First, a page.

Today is a very rainy day, which is good for the locals as they are filling their cisterns with much-needed water. It is also good for us to catch up on relaxation, blogging and other inside activities. I did venture out for some yoga this morning…I have noticed that the past months of acting like I am on permanent vacation is catching up with my waist line…so it is time to stop eating and start exercising…hmmm, wonder what I will make for dinner tonight!

Wednesday, March 3, 2010

A Most Wonderful Visit and More Excellent Adventures

We continued to have a great time with Jami and Steve and packed lots into their one-week visit. The second half of their trip was spent in Hope Town with daily jaunts to the town or beach. We rented a golf cart and toured the island with stops at the Abaco Inn for lunch and then Tahiti Beach. I think Jami had fun driving on the wrong side of the road and doing a whole 14 MPH! We had a few excellent beach days and spent one beautiful day at the Hope Town Harbour Lodge where we opened a tab in the morning and acted like we were at an all-inclusive resort (Jami and Steve treated…again!). In typical Bahamas hospitality, they let the public use their amenities, like beach chairs and the pool, whether guests there or not. It is a new discovery for us this year and we have been thoroughly enjoying it (on the few good beach days we’ve had)…including bartender Gary’s Goombay Smashes!

I could go on about the many fun memories from their week, but I think Jami summed it up best in her thank-you e-mail…

“So, when you think of our trip and time spent together remember these things:

steak night, 8 knots of sailing and hanging on, the lost snubber, conch fritters, nippers rum punch, smoking cigars (w/ my dad ), fresh lobster tail twice (yum), Florence's sticky buns, balls and balls and balls of cookie dough, movie nights, port wine, great home cooking, golf cart drag racing, the sketching artist, the mad cross word puzzler, ahhh the smell of pipe tobacco (I can still smell it), watching the stars at night through my porthole, spicy Bloody Mary’s, Vernon’s bread and key lime pie, bargaining for the bread heals, and more balls of cookie dough, turtles! and dolphins! and more turtles! oh the stinky overflow (couldn't leave that out), front and back street walks, the Hope Town Lodge, cold dips in the pool, Gary the bartender and his kick butt Goombay Smash!!, Steve’s zodiac 360, and especially......for the first time in almost 41 years I was able to "treat" my dad on vacation...what a great feeling!! (Thank you for teaching me to be stubborn...hehe!) and most importantly....spending time with you!”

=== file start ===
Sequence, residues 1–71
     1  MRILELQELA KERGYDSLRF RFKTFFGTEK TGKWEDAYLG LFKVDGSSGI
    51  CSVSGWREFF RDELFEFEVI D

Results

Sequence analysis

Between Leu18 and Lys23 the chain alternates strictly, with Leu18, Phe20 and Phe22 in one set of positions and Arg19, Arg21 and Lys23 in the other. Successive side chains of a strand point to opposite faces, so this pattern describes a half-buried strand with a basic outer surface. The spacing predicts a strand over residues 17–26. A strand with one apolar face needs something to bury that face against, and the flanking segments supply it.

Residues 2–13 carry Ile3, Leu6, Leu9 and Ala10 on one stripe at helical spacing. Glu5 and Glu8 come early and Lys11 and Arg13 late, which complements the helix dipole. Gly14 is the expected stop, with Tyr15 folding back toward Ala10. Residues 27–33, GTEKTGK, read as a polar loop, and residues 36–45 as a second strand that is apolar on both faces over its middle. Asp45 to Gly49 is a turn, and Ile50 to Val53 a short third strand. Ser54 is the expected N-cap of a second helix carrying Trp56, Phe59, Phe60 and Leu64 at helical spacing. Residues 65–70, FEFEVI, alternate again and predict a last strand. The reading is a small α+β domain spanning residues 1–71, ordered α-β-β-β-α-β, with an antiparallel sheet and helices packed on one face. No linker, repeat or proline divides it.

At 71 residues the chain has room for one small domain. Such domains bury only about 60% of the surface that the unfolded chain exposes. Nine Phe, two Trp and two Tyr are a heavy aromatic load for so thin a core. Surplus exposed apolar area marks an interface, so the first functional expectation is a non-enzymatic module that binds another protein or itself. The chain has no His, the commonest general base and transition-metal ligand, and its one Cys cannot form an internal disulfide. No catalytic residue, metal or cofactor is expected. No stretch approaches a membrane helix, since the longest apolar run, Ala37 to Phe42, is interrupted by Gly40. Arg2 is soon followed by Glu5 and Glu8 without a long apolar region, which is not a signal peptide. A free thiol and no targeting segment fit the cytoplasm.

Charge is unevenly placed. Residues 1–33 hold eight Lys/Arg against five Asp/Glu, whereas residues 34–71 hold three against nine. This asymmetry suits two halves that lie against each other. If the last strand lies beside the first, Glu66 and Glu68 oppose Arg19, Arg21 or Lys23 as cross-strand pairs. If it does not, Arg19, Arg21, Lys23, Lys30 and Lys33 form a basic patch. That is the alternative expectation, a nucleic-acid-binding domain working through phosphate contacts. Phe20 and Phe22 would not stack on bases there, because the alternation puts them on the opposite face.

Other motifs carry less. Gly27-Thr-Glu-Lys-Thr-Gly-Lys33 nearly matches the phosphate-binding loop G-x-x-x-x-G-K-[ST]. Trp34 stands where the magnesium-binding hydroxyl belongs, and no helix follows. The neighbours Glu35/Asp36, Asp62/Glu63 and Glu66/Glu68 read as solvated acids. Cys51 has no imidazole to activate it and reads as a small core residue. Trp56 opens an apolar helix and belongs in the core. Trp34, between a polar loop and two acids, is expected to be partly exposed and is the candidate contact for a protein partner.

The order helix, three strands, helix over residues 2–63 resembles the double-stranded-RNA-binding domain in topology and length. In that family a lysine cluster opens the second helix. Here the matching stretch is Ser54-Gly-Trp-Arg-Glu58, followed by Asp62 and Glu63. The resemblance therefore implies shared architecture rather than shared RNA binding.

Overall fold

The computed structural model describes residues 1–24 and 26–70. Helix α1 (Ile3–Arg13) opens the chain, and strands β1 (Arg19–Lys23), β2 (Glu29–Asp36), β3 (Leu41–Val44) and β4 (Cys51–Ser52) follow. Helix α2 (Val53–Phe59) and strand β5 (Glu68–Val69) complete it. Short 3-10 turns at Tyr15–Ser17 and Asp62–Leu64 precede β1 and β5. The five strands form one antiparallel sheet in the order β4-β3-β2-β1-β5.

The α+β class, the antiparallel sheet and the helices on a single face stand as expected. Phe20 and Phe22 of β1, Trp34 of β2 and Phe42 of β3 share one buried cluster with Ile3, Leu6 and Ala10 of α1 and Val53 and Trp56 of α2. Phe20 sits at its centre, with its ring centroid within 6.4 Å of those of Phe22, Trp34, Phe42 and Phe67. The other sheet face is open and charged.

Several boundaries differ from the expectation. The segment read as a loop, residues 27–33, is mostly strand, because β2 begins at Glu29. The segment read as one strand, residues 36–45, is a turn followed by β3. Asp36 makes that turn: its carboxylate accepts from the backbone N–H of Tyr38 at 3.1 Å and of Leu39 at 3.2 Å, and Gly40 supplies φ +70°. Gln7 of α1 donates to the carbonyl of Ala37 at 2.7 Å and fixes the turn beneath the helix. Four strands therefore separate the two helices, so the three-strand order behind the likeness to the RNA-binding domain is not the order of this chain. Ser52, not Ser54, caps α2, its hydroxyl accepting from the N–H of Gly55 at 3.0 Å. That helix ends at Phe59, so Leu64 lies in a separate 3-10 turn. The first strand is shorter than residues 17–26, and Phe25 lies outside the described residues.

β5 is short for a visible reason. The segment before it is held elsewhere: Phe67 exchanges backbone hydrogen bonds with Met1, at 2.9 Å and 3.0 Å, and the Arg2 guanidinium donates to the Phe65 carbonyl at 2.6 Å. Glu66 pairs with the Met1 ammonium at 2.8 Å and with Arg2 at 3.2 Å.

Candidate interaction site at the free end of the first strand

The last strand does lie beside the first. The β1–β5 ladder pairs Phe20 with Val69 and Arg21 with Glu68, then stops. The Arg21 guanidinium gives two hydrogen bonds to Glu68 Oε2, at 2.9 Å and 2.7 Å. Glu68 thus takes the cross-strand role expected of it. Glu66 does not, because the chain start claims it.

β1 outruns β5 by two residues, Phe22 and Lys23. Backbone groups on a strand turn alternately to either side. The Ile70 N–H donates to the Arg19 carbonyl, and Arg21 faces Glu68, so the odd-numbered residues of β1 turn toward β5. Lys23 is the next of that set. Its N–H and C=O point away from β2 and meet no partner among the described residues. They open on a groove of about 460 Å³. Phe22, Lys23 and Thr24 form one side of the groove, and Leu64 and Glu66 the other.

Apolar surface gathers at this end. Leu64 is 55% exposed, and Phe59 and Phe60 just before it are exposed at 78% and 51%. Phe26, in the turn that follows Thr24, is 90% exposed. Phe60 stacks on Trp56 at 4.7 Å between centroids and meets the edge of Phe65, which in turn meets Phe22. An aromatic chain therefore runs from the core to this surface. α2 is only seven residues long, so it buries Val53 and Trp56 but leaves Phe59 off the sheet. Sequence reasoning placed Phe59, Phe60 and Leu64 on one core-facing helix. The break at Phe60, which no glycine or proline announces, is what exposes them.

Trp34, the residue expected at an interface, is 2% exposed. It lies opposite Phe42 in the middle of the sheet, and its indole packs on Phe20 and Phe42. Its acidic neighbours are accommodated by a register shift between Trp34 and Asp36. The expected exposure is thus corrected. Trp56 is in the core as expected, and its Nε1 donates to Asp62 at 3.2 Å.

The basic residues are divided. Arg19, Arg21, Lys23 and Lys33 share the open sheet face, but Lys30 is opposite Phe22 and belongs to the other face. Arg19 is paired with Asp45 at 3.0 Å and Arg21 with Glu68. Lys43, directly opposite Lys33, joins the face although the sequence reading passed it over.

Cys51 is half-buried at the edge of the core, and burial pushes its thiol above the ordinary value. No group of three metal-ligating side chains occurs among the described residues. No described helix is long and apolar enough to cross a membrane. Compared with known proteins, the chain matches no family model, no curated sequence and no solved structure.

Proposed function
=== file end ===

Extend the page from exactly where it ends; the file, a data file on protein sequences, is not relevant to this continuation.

I couldn’t say it better…but, I should explain one thing….Steve’s Zodiac 360. Our friend, Chuck, had just arrived from Florida (after having to wait for the ice to thaw on the upper Chesapeake to get his boat out!) and he called us to help him pick up his mooring in Hope Town Harbour. Lynn and Steve headed out in the dingy to answer the call. Steve was driving and after apparently becoming airborne a few times he dropped Lynn off at Chuck’s boat. As he attempted to pull away from the boat, he was sucked into the vortex at the bow, which caused him to do a complete 360 and pop out the other side. Unfortunately, none of us actually witnessed the spectacle, but it must have looked pretty funny. I think Steve was just glad to survive!